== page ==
Just because you’re home all day doesn’t mean that you’re free to walk your dog or be the primary caregiver for your child. Plan for childcare/dog walkers as if you were heading to the office; your work hours should be dedicated to work and not other responsibilities. If, for whatever reason you are left in charge of a child or pet during the workday, make sure you have a plan in place to entertain them while you get some work done: toys, TV time, and books work as great distractions for kids.
The dirty dishes might be piling up in the sink and it’s probably time to change your sheets, but not during the weekday! Just like you wouldn’t walk out of the office to take care of personal responsibilities, remote work is no different; as tough as it can be, remember that your only job during the day is your job! Everything else can wait.
Avoiding Distractions While Remote Working
Now that we’ve covered some of the main distractions people face while remote working, it’s time to give you some key tips and tricks to help you maximize your workday and eliminate pesky distractions.
Pick your space carefully
It may feel tempting to set up your workspace in your bed or right in front of the TV, but will those places help you be as productive as possible? Probably not. Pick a space where you have space for all your materials, natural light (if possible), can close a door and have peace and quiet, and aren’t tempted by other things to do (think dishes, laundry, or cleaning).
Our other tip for your workspace is equally as important: select a location that is separate from your normal life at home. What does this mean? Well, one of the hardest things about remote working is creating boundaries between your work and personal lives and if you put your laptop right in the middle of the family room table where you spend most of your time anyways, you’ll find the lines between work and home blurring quite a bit. Choosing a specific location for your workspace and respecting that outside of work hours is incredibly important.
Be realistic about what distracts you
The perfect recipe for remote work varies significantly from person to person and we can’t tell you what exactly will distract you; however, if you know that you’re tempted to turn on the TV during the day and watch just one episode of your favorite show or pick up your phone too much during the day, you need to be realistic and set yourself up for success, not failure. Stay away from the TV during the day and leave your phone in another room if these prove to be serious distractions for you.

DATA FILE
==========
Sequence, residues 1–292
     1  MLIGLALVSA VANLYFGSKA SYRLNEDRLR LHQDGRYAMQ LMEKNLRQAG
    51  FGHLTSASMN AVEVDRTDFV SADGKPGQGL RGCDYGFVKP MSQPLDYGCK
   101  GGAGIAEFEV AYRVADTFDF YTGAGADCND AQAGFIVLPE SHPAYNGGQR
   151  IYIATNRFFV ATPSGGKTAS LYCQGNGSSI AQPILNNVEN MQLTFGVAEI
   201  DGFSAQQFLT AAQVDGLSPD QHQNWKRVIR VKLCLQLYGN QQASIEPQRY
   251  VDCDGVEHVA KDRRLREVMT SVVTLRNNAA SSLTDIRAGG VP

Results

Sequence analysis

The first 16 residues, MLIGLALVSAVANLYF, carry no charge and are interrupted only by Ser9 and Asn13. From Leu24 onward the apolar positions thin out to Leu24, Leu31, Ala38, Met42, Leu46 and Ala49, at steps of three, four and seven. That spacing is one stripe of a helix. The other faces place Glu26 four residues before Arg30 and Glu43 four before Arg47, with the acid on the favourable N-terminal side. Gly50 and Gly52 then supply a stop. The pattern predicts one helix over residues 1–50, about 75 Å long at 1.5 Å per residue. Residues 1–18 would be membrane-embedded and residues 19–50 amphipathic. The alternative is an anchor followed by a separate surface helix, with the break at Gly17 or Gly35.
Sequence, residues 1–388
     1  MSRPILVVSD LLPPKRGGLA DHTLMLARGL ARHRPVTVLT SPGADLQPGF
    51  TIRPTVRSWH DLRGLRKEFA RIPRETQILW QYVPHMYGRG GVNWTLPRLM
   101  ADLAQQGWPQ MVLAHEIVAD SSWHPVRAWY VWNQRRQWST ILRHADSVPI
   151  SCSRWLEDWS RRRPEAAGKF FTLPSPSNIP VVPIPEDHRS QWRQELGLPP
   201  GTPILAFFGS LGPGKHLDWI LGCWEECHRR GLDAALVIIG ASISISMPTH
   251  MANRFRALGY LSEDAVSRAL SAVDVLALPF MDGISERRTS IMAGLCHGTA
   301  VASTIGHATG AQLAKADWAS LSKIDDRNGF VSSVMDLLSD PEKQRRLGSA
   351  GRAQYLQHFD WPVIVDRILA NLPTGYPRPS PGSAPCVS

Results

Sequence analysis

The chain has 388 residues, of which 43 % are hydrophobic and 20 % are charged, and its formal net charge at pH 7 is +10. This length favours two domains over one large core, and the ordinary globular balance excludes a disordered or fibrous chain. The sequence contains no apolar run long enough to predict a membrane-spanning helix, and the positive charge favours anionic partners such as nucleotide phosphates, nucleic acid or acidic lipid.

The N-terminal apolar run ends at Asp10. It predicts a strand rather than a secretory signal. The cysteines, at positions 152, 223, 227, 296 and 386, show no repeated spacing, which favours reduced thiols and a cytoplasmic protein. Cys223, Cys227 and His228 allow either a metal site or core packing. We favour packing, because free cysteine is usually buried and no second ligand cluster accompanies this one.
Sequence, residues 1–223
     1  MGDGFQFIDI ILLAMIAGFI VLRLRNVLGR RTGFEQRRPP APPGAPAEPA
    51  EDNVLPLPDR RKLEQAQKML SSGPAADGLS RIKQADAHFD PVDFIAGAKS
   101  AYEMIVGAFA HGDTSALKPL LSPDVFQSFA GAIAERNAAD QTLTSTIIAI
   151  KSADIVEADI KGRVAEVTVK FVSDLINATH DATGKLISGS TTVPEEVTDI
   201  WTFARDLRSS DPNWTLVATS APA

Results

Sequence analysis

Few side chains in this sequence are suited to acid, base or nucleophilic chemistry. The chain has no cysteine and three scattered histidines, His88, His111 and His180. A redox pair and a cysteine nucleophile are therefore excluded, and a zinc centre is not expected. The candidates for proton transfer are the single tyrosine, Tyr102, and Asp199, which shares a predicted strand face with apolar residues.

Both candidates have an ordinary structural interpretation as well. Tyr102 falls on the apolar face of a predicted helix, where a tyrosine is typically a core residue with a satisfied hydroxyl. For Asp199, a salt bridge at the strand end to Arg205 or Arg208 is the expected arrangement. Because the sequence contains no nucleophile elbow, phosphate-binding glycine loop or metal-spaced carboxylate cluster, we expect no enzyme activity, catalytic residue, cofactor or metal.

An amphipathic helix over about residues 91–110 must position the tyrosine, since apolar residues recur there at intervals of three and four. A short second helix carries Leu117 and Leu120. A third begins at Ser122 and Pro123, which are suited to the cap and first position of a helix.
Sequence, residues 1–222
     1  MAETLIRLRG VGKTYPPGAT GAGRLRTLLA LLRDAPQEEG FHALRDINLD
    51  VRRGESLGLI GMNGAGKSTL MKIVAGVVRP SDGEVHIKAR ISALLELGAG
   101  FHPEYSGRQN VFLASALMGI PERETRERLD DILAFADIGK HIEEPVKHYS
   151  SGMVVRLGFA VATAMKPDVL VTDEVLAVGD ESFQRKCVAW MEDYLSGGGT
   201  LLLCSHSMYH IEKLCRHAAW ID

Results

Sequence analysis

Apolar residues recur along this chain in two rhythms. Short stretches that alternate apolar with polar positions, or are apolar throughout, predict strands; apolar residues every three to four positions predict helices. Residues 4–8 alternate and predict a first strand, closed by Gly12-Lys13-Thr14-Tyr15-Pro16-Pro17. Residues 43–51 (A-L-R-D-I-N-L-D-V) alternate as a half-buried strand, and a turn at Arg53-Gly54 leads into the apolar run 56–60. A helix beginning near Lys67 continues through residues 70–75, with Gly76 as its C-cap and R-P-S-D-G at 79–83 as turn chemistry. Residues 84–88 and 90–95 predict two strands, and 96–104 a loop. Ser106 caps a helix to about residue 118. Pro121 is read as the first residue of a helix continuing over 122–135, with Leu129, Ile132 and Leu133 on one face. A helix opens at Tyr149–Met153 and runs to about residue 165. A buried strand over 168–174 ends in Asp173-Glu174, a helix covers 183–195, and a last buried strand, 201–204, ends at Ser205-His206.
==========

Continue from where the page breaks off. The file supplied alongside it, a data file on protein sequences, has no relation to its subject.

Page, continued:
Focus on your work during work hours
Blending work and personal time can be challenging when working from home, but it’s important (for both sides!) that you set boundaries and stick to them. Leaving your work computer open on the couch all day will mean you’re answering emails when you should be off work or watching TV while assignments come rolling in. Stick to a schedule that clearly separates working and personal time.
What About Good Distractions?
Yes, good distractions exist! No one can spend eight hours staring at a computer screen and taking breaks and getting distracted every once in a while is a good thing, we promise. If you need, take a walk or go grocery shopping during your lunch break. As long as you still respect your work hours and what needs to be done gets done, you’re free to mold your remote work life to fit your exact needs.
Being efficient and productive may seem nearly impossible at home, but the flexibility and other benefits of remote work are so worth it–if you can make it work for you. Review our above tips and think about how you can apply them to your life. You’ll see changes in no time.